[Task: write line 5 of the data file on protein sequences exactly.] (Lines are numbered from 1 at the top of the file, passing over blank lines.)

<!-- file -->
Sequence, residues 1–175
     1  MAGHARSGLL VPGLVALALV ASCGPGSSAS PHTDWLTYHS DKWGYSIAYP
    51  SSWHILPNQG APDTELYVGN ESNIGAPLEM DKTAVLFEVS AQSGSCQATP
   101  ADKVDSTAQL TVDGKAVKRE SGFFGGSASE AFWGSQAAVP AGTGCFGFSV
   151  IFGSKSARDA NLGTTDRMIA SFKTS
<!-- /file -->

   151  IFGSKSARDA NLGTTDRMIA SFKTS